Chrome DevTools Integration from a Technical Perspective

Peter Kanev

As you may have already heard, last week NativeScript 3.1 was released, and one of its many notable features is a new addition to the arsenal of debugging tools for NativeScript that Chrome’s Developer Tools originally offers to Web developers - the Elements panel. It shows the effective view tree, the page’s current views, as well as their attributes and computed styles.


What do NativeScript and Chrome’s Developer Tools have in common

Aren’t Chrome DevTools only used by Web developers to debug their rendered pages, live-edit them to see immediate results, etc.? Wrong, and right at the same time. Since NativeScript targets mainly Web developers by allowing them to reuse their skillsets, and work with tools they are familiar with, we strive to streamline the development process, and bring it as close as possible to the real deal.

I dont know what I am doing

To achieve that we started implementing the Chrome DevTools protocol incrementally in the NativeScript runtimes. NativeScript 2.5 was the first version to feature DevTools support, and ever since we’ve been dedicated to expanding the debugging opportunities NativeScript has to offer. None of it happens seamlessly and effortlessly, so I am here today to share some technical details about the challenges we faced along the way.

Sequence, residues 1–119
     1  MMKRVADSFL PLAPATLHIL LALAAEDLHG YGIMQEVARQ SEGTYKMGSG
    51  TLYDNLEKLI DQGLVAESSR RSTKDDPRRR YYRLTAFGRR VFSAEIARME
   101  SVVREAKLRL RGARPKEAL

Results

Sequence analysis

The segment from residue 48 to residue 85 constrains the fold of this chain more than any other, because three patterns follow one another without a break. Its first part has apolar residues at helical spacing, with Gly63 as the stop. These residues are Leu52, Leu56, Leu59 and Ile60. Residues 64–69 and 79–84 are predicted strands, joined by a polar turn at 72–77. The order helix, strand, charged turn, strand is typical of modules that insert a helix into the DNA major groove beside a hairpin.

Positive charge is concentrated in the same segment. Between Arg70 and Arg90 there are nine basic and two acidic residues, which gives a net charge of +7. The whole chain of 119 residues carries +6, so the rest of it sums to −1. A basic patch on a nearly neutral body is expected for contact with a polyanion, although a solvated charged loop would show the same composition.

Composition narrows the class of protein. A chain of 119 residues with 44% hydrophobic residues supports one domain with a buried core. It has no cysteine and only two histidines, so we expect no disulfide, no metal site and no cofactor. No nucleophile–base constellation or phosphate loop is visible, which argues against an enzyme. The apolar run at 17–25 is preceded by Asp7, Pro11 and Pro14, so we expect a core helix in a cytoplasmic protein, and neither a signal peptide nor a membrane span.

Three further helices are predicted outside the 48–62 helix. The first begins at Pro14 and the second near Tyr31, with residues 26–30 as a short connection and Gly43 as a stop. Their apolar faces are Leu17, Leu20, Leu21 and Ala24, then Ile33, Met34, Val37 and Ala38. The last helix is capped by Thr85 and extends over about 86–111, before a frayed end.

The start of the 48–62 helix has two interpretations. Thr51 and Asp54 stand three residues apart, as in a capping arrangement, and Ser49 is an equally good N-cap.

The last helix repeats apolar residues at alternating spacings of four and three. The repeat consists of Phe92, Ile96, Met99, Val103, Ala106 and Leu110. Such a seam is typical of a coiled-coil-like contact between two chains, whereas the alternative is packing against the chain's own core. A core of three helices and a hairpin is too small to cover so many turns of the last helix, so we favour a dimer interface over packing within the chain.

provide all the features

How does the underlying protocol work?

To start off, I’d like to mention that Chromium, Chrome, Node.js, NativeScript, and many other existing projects currently use the protocol. It allows for tools to instrument, inspect, debug, and profile applications where the protocol is implemented. Instrumentation is divided into several domains (DOM, Debugger, Network etc.).

A complete list of domains as defined by the DevTools protocol can be found on the Chrome DevTools Protocol Viewer page. Some complex Chrome DevTools features require that several domain agents are implemented. For example, to completely support all features in the ‘Elements’ panel, the embedder would need to implement the specification of several domains, namely - DOM, DOM Debugger, CSS, Overlay.


Communicating through commands and events

Each domain defines a number of commands it supports and the events it generates. Both commands and events are serialized JSON objects of a fixed structure. Applications are debugged by establishing a socket connection with the Chrome DevTools frontend client, using the raw messages as they are described in the domain documentation.

Here is what the DOM.getDocument command, responsible for retrieving the view tree, looks like:

DOM.getDocument(): out ‘root’ of type Node
Type Node: {
            nodeId: number
            parentId: number
            nodeType: number
            nodeName: string
            children: array [ Node]
            attributes: array [ string ]